Pretty and Petit
Wedding cakes are not only a pleasure to eat but their also a feast for the eyes, channelling the theme of the wedding as an edible element of decor, if you will. The same can be said for any sensory element of your wedding really; what you choose to serve reflects the look and feel of your wedding. It’s not just in the decoration, it’s in the flavours themselves. Since the enjoyment of the dessert ‘third-course’ comes as a more relaxed and integrated aspect of the evening (rather than a single, pinnacle moment like the cutting of the cake) the dessert options at your grazing table should be petit or bite-sized and easy to eat. Guests should be able to journey to and from the dessert table with a handful of dessert and their sights set on seconds, without the threat of making a mess. Cupcakes, donuts, macarons and petit fours are all great options for your dessert table and make it easy for guests to take an assuming bite mid conversation. How you personalise these classic desserts is up to you and your wedding theme. The flavour choice of each dessert will reflect a particular mood; a subtle detail to be considered.
Rose just makes everything look great. And the same goes for dessert. Not only is the flavour of rose soft and delicate, but it lends itself to a range of decorative designs and applications. You can sprinkle your dessert of choice with dehydrated rose petals for a modern and sophisticated look, or opt for rose coloured frosting on your cupcakes and petit slices. Rose can also be combined with other unassuming flavours like almond, honey and pistachio for a subtle sweetness. We wish Instagram came with a ‘flavour’ feature so that we could truly enjoy these rose-petaled desserts by Fig and Salt!
A dessert table is not just limited to sweets and cakes. It might be a good idea to provide some refreshing drinks for your guests to have a break from the bar. Rose water is a great flavour to infuse into the water dispenser and pairs nicely with lemon and berries. Pour into individual tumblers and serve with trimmed sprigs of rosemary for something refreshing to sip on as you make your way across the dessert table.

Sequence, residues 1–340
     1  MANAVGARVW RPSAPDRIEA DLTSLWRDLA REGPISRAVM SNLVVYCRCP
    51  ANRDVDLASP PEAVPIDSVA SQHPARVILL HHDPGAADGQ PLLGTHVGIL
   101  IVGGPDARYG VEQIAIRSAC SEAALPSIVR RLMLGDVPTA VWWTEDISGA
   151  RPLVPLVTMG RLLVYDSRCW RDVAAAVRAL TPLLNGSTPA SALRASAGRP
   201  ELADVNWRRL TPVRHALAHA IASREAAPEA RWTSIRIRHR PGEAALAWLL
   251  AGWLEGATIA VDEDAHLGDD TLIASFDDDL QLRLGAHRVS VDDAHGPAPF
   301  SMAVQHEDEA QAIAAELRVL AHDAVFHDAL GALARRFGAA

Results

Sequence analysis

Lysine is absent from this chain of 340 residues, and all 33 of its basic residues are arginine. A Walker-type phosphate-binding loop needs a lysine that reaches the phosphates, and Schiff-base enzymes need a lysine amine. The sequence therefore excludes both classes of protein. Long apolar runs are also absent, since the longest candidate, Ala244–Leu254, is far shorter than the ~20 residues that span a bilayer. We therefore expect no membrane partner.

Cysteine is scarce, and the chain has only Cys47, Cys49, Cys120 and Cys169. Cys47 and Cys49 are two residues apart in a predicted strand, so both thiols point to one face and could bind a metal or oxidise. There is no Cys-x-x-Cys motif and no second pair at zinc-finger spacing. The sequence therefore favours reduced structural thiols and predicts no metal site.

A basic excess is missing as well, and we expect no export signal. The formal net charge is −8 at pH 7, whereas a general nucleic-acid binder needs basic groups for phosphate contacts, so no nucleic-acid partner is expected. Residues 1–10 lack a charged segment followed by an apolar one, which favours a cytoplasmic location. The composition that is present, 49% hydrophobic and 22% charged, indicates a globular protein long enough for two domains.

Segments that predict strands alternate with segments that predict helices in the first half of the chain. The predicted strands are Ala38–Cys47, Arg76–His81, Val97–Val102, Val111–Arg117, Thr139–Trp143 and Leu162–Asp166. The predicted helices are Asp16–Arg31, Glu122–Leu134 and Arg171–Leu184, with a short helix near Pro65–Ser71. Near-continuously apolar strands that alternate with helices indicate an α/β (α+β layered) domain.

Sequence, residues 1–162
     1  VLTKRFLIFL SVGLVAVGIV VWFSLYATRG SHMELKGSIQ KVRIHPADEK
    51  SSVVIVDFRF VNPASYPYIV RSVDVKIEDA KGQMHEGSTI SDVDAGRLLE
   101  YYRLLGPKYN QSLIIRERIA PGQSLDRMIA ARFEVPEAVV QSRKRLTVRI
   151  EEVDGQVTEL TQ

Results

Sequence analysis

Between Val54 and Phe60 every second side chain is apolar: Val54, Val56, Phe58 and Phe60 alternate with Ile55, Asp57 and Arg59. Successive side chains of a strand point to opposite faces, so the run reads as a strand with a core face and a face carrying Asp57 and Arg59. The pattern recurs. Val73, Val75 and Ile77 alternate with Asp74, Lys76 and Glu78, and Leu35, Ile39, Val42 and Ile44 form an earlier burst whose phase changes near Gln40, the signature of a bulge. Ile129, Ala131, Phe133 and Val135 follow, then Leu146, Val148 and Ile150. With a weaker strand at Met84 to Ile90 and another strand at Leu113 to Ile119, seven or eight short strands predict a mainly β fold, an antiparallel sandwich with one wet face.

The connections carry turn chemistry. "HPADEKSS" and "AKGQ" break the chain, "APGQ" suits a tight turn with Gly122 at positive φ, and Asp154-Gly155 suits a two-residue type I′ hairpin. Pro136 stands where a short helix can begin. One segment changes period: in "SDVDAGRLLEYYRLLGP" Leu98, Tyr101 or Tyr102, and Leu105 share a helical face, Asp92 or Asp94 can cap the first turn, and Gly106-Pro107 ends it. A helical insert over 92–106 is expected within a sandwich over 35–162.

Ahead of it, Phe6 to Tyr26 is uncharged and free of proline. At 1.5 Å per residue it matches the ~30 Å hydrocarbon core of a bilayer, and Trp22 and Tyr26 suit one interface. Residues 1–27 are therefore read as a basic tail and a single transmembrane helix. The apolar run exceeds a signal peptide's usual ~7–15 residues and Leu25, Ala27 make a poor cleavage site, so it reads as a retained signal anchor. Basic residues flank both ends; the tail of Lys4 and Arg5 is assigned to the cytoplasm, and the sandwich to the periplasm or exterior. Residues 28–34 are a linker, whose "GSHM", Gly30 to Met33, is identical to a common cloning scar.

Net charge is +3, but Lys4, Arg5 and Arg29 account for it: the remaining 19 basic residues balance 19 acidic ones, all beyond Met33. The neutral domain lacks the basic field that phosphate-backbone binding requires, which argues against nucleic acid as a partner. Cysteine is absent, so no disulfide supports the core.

As with anything in life, moderation is key. The same goes for desserts and sweets. Whilst it’s important to ensure that you have an adequate number of portions and options, around 3-4 dessert pieces per guest, it’s equally important that you have a balanced variety of flavours. Incorporating more subtle and salty flavours will provide a necessary relief to the level of sugar at the table. Salted caramel, rhubarb or grapefruit panna cotta are great options that can be served individually in small jars or quirky ceramic bowls. Infuse anything with chai and we’re on board – the spicy notes of the cardamon and nutmeg will help to balance the sweetness. Figs and nuts are great additions to the flavour profile and have a more neutral flavour and organic aesthetic (especially when they’re dipped or coated in dark chocolate). Raw desserts are another celebrated indulgence and cater particularly to guests who may have dietary restrictions or aversions – many raw desserts are gluten and dairy free, as well accommodating vegan and refined-sugar free diets. Most involve a significant level of coconut, another balanced flavour that offers a more subtle approach to dessert.